## Stat 333

The instructions for using the t-distribution on the computer are the same as the instructions given for the z-distribution on the last assignment except you have to input degrees of freedom for the t-distribution. Note: some answers may be off due to rounding.
1. The length of human pregnancies is approximately normally distributed with mean
equal to 266 days and standard deviation equal to 16 days. Dr. Margaret Oswiecmiski obtains a simple random sample of 10 of her patients and obtains the following results:
(a) Use the data to compute a point estimate for the population mean gestation
(b) Construct a 90% confidence interval for the gestation period for all of Dr.
Oswiecmiski’s patients. Interpret this interval. (250.5, 267.1)
(c) Do Dr.Oswiecmiski’s patients have a mean gestation period different from
2. A researcher is interested in approximating the mean number of mile on four-year-
old Saturn SCIs. She finds a random sample of 33 such Saturn SCIs in the Chicagoland area and obtains the following results 45,336 90,574 42,800 84,000 57,506 47,977 10,778 39,176 41,431 86,838 30,114 90,100 26,560 75,312 44,411 29,000 30,447 25,000 49,874 76,576 57,145 38,796 32,004 43,128 51,159 54,000 52,181 51,305 33,867 46,178 51,000 39,174 59,018 (a)
Obtain a point estimate of the population mean number of miles on a four-year-old Saturn SCI. (49477.7)
Construct and interpret a 95% confidence interval for the population mean number of miles on a four-year old Saturn SCI. (42487.0, 56468.5)
Construct and interpret a 95% confidence interval for the population mean number of miles on a four-year old Saturn SCI. Assume that σ = 19,700
Construct and interpret a 90% confidence interval for the population mean number of miles on a four-year old Saturn SCI. Assume that σ = 19,700
What effect does decreasing the level of confidence have on the interval?
Do the confidence intervals computed in parts (b), (c) and (d) represent an interval estimate for the population mean number of miles on Saturn SCIs in the United States? Why?
3. The students also checked 6 bags of Doritos marked with a net weight of 28.3
grams. They carefully weighed the contents of each, recording the following weights (in grams): 29.3, 28.2, 29.1, 28.7, 28.9, 28.5.
(a) Find the mean and standard deviation of the observed weights. (28.8)
(b) Construct a 95% confidence interval for the mean weight of such bags of
(c) Explain in context what your interval means (d) Comment on the company’s stated weight of 28.3 grams.
4 Livestock are given a special feed supplement to see if it will promote weight gain.
The researchers report that the 77 cows studied gained an average of 56 pounds, with a standard deviation of 10 pounds.
(a) Construct a 99% confidence interval for the mean weight gained for all such
(b) The makers of the feed supplement claim that cows given the feed
supplement should gain around 70 pounds. Does the data confirm this claim?
5. A Gallup poll conducted December 20-21, 1999 asked Americans how many times they bathe during the week. How many subjects would be needed in order to estimate the number of times Americans bathed during the week in 1999 within 0.5 with 95% confidence? Initial survey results indicate that σ ~ 2.9. (130) 6. A researcher wished to estimate the mean number of miles on four-year-old Saturn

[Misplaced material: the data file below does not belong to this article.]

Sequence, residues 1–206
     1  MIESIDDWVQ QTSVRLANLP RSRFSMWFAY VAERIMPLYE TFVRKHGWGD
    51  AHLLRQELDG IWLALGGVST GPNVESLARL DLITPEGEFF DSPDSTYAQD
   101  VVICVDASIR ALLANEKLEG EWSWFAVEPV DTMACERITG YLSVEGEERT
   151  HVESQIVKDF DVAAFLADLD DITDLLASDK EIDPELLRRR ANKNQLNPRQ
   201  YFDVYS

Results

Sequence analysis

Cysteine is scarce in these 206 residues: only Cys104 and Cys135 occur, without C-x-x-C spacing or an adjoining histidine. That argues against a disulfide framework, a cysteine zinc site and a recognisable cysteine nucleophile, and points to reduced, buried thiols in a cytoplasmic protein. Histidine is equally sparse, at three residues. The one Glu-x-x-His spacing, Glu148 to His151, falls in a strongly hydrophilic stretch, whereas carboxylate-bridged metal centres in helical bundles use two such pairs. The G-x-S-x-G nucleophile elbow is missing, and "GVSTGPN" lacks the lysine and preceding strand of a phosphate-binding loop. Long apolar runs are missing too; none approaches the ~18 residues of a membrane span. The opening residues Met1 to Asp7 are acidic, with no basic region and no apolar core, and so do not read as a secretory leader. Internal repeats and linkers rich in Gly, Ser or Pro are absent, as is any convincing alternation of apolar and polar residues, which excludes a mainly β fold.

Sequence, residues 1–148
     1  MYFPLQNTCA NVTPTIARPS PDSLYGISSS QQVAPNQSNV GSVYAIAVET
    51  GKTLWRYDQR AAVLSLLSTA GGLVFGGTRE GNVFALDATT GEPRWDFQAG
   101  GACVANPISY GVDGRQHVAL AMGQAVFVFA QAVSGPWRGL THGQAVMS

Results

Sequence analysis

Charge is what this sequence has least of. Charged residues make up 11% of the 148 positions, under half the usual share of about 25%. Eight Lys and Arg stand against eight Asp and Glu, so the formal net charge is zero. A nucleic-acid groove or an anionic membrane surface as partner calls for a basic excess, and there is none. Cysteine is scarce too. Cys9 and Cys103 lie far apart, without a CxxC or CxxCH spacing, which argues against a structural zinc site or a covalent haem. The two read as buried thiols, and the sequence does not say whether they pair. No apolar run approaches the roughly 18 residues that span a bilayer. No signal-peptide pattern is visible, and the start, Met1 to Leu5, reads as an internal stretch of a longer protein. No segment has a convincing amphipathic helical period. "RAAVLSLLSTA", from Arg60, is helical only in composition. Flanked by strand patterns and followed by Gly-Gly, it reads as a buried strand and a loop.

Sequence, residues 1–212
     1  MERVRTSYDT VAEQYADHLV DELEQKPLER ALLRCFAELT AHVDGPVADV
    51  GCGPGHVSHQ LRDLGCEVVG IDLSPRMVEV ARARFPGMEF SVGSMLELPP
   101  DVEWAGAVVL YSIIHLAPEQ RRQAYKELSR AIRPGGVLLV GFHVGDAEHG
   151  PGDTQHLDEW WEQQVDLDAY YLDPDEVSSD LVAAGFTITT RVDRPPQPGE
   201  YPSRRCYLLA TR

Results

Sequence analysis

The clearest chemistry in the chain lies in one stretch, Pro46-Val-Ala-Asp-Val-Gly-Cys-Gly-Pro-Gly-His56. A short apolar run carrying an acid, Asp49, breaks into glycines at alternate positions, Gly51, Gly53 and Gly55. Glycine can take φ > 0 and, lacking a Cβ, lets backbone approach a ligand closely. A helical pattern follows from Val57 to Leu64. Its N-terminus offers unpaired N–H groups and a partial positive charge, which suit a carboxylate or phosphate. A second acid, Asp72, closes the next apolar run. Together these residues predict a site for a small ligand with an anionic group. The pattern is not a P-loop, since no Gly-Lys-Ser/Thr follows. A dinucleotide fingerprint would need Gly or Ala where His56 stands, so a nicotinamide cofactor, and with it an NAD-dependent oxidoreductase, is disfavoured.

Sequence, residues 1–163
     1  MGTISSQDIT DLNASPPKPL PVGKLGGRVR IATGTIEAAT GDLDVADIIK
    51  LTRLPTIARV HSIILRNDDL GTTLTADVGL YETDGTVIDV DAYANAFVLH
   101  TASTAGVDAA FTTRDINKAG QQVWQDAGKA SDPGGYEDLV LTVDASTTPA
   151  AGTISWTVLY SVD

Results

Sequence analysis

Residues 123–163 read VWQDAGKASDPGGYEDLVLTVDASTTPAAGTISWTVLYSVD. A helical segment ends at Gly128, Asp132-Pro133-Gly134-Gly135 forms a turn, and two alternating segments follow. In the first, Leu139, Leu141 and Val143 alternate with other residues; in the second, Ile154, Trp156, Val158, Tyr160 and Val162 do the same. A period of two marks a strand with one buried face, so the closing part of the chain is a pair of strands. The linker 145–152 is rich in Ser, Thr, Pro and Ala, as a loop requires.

(a) How many cars should be in a sample in order to estimate the mean number
of miles within 1000 miles with 90% confidence, assuming that σ ~ 19,700
(b) How many cars should be in a sample in order to estimate the mean number
of miles within 500 miles with 90% confidence, assuming that σ ~ 19,700
(c) What effect does increasing the required accuracy have on the sample size?
7. In a poll conducted May 7-10, by ABC News, a simple random sample of 1068
American adults was asked, ”Have you ever been shot at?” Of the 1068 adults, 96 responded yes.
(a) Obtain a 95% confidence interval about the population proportion
(b) Interpret the interval. (c) If the government claims that around 5% of all Americans have been shot at,
is this correct based on this survey? Explain
8. The drug Lipitor is meant to lower cholesterol levels. In a clinical trial of 863
patients who received 10 mg doses of Lipitor daily, 47 reported a headache as a side effect.
(a) Construct a 90% confidence interval for the population proportion of Lipitor
users who do not report a headache as a side effect. Interpret the interval.
(b) Construct a 95% confidence interval for the population proportion of Lipitor
users who do not report a headache as a side effect. (0.9282, 0.9590)
(c) What is the effect of increasing the level of confidence on the width of the
9. A study of 74 patients with ulcers was conducted in which they were prescribed 40
mg of Pepcid. After 8 weeks, 58 reported confirmed ulcer healing. Construct a
99% confidence interval for the proportion of patients with ulcers receiving Pepcid who will have confirmed ulcer healing. (0.638, 0.8828)
10. A sociologist wishes to conduct a poll in order to estimate the percentage of
Americans who judge that affirmative action programs for minorities and women should be continued at some level. What size sample should be obtained if she wished the estimate to be within 3 percentage points with 95% confidence if
(a) She uses a 1999 estimate of 80% obtained from a Time/CNN poll? (680) (b) She does not use any prior estimates? (1064)